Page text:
NDN Blog

Trump is right to be worried about Arizona (and Texas too)

When Donald Trump returns to Arizona tomorrow, he is returning to a state that is now among the most important Presidential battlegrounds in the country.

Though it was not heavily contested by the Clinton and Trump campaigns in 2016, a combination of Trump’s structural weaknesses with Hispanic and Millennial voters and the growing share of the vote in Arizona of both these groups have made this state far more competitive than it has been in the past. Some background, and data:

Arizona now a large, core Presidential battleground state. Of the 15 expanded 2016 battleground states (AZ, CO, FL, GA, IA, ME, MI, MN, NC, NH, NV, OH, PA, VA, WI), Arizona was Clinton’s 11th best (losing by a margin 3.5% points). Clinton performed worse in NC (3.7), GA (5.2), OH (8.4) and IA (9.1). Arizona has more Electoral College votes (11) than 6 of these battlegrounds – WI (10), CO (9), IA (6), NV (6), ME (4), NH (4) – and almost as many as VA (13) and NC (15).

Arizona is trending Democratic. In an election that swung 1.8 % points from 2012 towards Trump, the GOP margin slipped in AZ from 9.1% points in 2012 to just 3.5 in 2016. This 5.5 point shift was the 3rd largest shift towards the Democrats of any medium to large state in 2016, only outpaced by CA (7.0) and TX (6.8). According to the 2016 exit polls, 18-29 year olds went 53-35 for Clinton and 18-44 overall went 49-39. Non-white voters, making up a quarter of the electorate, and growing rapidly, went 61-31 for Clinton. This number could clearly get much worse for Trump and Rs given Trump’s embrace of a politics seen as anti-immigrant and anti-Latino.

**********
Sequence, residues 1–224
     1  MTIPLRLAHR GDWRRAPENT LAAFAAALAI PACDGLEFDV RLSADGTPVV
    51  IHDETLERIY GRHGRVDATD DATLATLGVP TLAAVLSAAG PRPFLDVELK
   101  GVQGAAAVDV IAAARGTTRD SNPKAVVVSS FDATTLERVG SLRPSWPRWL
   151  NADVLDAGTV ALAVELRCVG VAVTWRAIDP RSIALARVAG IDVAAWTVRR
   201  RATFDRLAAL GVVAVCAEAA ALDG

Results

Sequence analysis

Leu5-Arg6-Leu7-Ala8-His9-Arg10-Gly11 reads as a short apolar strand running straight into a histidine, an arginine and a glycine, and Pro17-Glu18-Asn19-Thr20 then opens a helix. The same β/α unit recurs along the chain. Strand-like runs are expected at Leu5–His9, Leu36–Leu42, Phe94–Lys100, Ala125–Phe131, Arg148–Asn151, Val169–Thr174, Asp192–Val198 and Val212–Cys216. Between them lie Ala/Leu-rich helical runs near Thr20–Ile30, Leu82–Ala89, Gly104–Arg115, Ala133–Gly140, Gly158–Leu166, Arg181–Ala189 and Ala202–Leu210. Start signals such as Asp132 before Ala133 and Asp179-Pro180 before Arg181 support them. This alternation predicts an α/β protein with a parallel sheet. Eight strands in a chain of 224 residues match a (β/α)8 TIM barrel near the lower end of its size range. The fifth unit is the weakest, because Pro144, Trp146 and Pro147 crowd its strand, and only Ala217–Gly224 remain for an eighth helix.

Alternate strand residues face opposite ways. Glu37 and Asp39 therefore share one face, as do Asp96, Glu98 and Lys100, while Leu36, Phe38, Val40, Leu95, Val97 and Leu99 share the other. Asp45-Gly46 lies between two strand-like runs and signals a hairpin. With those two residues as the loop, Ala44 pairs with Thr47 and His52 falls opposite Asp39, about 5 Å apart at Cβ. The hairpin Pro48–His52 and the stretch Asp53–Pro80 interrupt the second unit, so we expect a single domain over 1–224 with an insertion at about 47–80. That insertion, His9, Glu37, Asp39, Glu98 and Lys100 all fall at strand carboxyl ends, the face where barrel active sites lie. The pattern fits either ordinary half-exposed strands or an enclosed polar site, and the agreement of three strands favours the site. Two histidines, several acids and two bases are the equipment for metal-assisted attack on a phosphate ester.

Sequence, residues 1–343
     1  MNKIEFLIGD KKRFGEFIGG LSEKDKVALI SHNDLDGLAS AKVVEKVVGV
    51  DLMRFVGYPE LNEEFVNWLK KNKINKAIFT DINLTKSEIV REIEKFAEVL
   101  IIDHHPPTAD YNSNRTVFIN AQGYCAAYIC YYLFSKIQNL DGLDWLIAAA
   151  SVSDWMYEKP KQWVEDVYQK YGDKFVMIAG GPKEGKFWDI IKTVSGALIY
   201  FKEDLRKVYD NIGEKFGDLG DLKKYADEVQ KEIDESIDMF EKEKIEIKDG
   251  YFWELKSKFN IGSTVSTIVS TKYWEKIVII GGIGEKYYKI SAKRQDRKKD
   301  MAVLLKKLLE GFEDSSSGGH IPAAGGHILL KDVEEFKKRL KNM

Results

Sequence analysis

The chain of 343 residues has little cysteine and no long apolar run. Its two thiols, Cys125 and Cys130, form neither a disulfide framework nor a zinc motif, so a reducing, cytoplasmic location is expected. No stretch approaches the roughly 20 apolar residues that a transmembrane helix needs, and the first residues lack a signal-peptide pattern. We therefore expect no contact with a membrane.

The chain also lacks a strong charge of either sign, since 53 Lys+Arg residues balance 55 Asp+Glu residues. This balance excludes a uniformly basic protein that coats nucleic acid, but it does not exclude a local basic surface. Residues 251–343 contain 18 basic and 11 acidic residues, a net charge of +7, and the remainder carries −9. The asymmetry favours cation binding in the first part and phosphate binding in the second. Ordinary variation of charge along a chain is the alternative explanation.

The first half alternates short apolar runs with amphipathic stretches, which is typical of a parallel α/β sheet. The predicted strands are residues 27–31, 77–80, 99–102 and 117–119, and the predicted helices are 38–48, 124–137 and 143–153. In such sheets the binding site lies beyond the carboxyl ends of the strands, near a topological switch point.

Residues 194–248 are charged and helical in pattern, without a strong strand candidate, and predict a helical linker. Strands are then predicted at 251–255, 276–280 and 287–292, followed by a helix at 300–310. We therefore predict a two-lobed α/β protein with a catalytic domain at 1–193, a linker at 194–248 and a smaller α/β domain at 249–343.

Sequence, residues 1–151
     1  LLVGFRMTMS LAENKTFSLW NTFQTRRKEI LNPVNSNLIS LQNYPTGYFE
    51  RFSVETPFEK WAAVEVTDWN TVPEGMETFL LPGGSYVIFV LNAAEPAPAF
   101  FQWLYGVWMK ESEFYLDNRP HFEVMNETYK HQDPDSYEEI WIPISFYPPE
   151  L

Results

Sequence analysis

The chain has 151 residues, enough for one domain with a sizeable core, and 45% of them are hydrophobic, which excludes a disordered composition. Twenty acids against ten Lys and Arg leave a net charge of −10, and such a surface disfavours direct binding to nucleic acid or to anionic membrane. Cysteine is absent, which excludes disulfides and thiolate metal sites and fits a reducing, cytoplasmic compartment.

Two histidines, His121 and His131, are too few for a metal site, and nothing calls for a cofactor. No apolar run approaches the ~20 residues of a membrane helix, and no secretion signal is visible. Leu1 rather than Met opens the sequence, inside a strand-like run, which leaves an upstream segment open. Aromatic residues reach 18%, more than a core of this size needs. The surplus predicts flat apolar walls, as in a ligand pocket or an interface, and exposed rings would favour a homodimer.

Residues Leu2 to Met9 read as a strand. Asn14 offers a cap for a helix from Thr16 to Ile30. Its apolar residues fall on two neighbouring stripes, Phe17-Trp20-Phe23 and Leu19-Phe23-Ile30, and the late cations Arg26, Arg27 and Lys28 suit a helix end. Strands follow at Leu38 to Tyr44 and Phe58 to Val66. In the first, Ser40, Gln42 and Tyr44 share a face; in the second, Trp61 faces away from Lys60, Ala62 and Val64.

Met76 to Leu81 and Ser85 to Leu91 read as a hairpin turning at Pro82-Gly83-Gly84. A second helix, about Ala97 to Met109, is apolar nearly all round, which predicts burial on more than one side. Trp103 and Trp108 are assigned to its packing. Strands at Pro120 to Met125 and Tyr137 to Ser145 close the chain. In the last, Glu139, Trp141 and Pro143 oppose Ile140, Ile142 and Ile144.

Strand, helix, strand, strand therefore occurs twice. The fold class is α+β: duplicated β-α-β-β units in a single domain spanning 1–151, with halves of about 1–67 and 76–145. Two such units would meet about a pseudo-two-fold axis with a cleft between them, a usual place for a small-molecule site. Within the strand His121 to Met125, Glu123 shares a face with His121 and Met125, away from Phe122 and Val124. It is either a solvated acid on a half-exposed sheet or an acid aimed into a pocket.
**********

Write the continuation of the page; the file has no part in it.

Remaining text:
Arizona a sign of continued Democratic gains in the “Latin Belt.” While much attention has been given in recent months to the Rust Belt, it is important to also pay attention to what I call the “Latin Belt” – AZ, CA, CO, FL, NM, NV and TX – states with large, growing Hispanic/Latino populations. The slow migration of these states from Nixon/Reagan Sunbelt Republican states to more competitive and even now Democratic states have been one of the most important demographic stories in American politics in recent years. This region includes the 3 biggest states in the country and has 29% (153) of all the nation’s Electoral College votes. According to 538, it will add another 7 Electoral Votes in 2024 due to reapportionment.